'If intelligence sets us apart among organisms, then I think is probable that natural selection acted to
maximize the flexibility of our behavior. What would be more adaptive for a learning and thinking animal: genes
selected for aggression, spite an d xenophobia; or selection for learning rules that can generate aggression in
appropriate circumstances and peacefulness in others.' - Stephen Jay Gould, 1981
True enough, the plasticity of human behavior is a very important hallmark
of the species; one which has facilitated its spread into almost every
ecosystem on the planet. Yet, as correct as Gould's reasoning is; he is
overlooking some important perspecti ves.
For one; assuming that humans evolved from organisms which had
substantially less ability to learn ontogenicaly; it is hard to deny that there
must be, at least some residual effects of prior evolution present in modern
human behavior. It seems highly un likely that the behavior of humanity,
however malleable, has completely escaped the slow progressive influence of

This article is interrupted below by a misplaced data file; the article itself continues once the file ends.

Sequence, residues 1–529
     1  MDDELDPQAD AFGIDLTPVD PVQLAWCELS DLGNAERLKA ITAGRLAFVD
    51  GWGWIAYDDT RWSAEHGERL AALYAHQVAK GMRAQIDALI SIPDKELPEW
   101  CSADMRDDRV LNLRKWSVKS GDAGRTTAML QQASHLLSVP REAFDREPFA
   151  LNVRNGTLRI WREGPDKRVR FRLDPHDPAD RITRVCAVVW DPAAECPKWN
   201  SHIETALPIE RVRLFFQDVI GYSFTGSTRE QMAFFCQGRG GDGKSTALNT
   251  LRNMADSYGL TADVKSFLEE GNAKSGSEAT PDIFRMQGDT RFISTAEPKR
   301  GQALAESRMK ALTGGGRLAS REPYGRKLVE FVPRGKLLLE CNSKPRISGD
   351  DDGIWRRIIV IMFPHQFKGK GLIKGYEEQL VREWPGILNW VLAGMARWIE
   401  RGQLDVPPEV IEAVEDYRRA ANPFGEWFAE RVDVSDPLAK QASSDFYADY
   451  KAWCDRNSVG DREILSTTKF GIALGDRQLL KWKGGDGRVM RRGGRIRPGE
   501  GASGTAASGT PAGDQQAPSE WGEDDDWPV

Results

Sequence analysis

If human behavior is learned, and is fully controlled by the 'freewill' of the
individual, then why is it so well geared to adaptive, gene promoting action?
Is it by random chance that humans the world over choose to feel painfully
jealous if their mate leaves them for another or anguished at the loss of a
child? Did every culture in the world independently just happen to feel
aversion to incest and create taboos against it?
Humans don't learn to get hungry when their bodies need sustenance; they
get an urge that influences their behavior in an unarguably adaptive manner.
People are averted by spoiled food because it smells bad. Rotten food smells
bad because it sickened an d killed all those who did not mind its odor. There
is nothing in the...